Readers around the world have embraced Ali Almossawi’s funny, clarifying explanations of logical fallacies in his hit book, An Illustrated Book of Bad Arguments. Now, Almossawi demystifies algorithms, those perennially misunderstood principles that underlie so many of our daily activities, from how we listen to music and read our email to how we shop for clothing and wash the dishes.
All of us have an intuitive knack for solving problems, but can we use this ability to find items in logarithmic time? Can we create cognitive stacks to cut down on our errands? Can we figure out what book we want to read next with link analysis?
Once you recognize what makes a method faster and more efficient, you’ll become a more nimble, creative thinker, ready to face new challenges. Along the way, you’ll learn about fundamentals of computer science that have led to the innovations that we take for granted nowadays, like websites that recommend movies or restaurants to us and apps that help us get one place to another.
Bad Choices will open the world of algorithms to all readers, making this a go-to for fans of quirky, accessible science books.
In the United Kingdom, South Africa, Australia, New Zealand, and all Commonwealth countries, John Murray—an imprint of Hachette—will be publishing Bad Choices. That edition also goes on sale on April 4, 2017, and is available for preorder right now!
Ali Almossawi’s first book Bad Arguments (‘A flawless collection of flaws’ ALICE ROBERTS) was a cult hit all round the world. In Bad Choices, he takes on algorithms, those perennially misunderstood principles that underlie so many of everyday activities. Taking us through 12 very funny, highly illustrated situations – from how we listen to music to finding every item on a shopping list as quickly as possible. Bad Choices explains how algorithms work and how to use them for yourself.
All of us have an intuitive knack for solving problems, but can we use this ability to find items in logarithmic time? Can we create cognitive stacks to cut down on errands? Can we figure out what book we want to read next with link analysis? Almossawi shows you how and once you recognize what makes a method faster and more efficient, you’ll become a more nimble, creative thinker, ready to face new challenges.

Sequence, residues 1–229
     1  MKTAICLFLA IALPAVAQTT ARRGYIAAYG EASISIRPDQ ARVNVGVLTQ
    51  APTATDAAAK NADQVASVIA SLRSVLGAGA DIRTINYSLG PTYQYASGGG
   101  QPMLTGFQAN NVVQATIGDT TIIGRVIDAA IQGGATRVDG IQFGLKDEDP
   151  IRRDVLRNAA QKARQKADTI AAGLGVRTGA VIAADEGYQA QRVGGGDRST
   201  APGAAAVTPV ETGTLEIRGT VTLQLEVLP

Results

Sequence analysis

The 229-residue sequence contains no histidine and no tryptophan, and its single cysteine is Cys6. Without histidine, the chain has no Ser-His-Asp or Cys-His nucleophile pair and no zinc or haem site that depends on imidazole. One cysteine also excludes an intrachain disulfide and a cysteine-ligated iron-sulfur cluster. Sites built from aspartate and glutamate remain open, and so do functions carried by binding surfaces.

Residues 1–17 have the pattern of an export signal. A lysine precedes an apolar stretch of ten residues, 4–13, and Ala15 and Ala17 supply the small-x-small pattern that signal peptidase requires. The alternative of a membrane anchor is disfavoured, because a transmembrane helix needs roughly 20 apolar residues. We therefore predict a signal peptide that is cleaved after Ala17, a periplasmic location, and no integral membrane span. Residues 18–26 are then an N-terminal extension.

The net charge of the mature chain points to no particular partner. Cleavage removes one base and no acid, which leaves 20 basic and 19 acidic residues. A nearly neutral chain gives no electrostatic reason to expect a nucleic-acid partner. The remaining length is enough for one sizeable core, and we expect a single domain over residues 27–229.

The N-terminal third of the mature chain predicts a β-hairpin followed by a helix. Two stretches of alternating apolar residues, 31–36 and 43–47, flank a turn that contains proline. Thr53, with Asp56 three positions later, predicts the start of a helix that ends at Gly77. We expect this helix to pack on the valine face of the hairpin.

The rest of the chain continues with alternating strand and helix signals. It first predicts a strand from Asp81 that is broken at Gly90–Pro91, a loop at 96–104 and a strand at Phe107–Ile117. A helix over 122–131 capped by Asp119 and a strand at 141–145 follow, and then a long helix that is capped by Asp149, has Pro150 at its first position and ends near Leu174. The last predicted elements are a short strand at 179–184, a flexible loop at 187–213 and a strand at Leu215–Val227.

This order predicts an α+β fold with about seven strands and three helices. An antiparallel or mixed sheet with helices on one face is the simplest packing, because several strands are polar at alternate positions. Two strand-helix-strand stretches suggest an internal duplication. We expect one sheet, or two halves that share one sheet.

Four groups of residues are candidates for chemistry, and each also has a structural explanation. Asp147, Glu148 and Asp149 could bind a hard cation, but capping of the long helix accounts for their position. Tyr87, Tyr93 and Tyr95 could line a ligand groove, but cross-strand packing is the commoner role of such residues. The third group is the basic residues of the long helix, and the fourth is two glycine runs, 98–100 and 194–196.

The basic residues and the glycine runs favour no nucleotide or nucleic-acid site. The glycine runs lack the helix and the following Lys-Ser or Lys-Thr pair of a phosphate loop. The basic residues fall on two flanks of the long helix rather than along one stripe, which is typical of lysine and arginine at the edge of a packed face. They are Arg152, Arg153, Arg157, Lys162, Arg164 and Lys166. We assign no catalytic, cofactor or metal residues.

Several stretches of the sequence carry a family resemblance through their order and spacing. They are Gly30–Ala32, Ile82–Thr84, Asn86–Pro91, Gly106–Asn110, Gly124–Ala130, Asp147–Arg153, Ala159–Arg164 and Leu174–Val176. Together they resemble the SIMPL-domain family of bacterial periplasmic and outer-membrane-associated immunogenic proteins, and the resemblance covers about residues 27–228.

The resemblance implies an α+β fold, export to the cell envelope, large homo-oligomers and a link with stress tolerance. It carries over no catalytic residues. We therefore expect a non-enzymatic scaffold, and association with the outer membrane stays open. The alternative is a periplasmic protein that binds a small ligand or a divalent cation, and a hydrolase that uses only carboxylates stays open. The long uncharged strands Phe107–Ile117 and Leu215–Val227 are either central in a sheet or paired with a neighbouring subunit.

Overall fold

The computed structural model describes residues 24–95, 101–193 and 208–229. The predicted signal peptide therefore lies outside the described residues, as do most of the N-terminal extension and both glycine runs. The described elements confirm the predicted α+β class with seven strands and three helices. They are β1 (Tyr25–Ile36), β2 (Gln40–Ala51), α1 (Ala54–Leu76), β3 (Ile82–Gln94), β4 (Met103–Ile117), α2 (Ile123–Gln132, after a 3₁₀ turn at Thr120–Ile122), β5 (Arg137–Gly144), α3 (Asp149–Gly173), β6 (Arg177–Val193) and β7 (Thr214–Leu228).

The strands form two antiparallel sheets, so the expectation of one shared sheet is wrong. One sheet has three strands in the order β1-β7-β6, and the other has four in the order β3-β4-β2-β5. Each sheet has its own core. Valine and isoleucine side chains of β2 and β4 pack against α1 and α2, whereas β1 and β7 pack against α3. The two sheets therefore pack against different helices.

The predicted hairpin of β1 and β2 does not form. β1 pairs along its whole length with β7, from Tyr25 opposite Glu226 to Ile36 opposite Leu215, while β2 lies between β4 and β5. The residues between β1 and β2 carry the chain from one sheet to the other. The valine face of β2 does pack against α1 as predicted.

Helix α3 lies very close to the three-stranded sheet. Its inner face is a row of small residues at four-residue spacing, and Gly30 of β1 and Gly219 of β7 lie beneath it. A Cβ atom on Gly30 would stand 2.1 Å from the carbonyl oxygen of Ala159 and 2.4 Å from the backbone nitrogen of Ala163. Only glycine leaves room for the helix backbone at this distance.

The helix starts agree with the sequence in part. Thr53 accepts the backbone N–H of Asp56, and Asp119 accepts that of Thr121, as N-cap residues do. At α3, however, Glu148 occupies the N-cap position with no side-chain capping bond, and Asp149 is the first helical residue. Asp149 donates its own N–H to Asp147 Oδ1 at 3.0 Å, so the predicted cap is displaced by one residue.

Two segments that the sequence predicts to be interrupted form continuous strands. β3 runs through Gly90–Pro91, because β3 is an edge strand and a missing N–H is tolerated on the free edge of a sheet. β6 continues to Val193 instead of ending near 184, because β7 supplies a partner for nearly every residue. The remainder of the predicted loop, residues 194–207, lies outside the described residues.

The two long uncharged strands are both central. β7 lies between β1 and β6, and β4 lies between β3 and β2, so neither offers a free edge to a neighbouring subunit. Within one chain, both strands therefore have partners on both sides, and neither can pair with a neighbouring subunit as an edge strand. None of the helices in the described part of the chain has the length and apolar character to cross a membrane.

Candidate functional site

Covering everything from maze-solving in Ancient Greece to the Two Ronnies, and from rapping in supermarkets to how Facebook predicts your likes, in opening algorithmic thinking to all readers. Bad Choices shows you how to choose better -- and live happier.
Bad Choices will also be available in Japanese thanks to Toyo Keizai, Simplified Chinese thanks to CITIC Publishing Group, and Korean thanks to MaeKyung Publishing. The release dates for these editions are forthcoming. Be sure to join the mailing list or connect on Facebook or Twitter for updates about these and other forthcoming editions.
For foreign rights, please contact Rebecca Gardner or Will Roberts at The Gernert Company. For press inquiries, please contact Kristin Matzen at Viking or Ruby Mitchell at John Murray. For other inquiries, please reach out to Seth Fishman or feel free to contact me directly.
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Ali Almossawi works on the Firefox team at Mozilla and is an alumnus of MIT's Engineering Systems Division and Carnegie Mellon's School of Computer Science. He has bylines in Scientific American and Wired and is the creator and maintainer of An Illustrated Book of Bad Arguments, a project read by 2.4 million readers and translated into 16 languages, ten of which were done by volunteers. He lives in California.
The project's sixty-five sketches were transformed into beautiful works of art by my third-time collaborator, the brilliant Alejandro Giraldo. The North American edition's interior design was done by Spring Hoteling. This page's background image is a modified version of a background from subtlepatterns.
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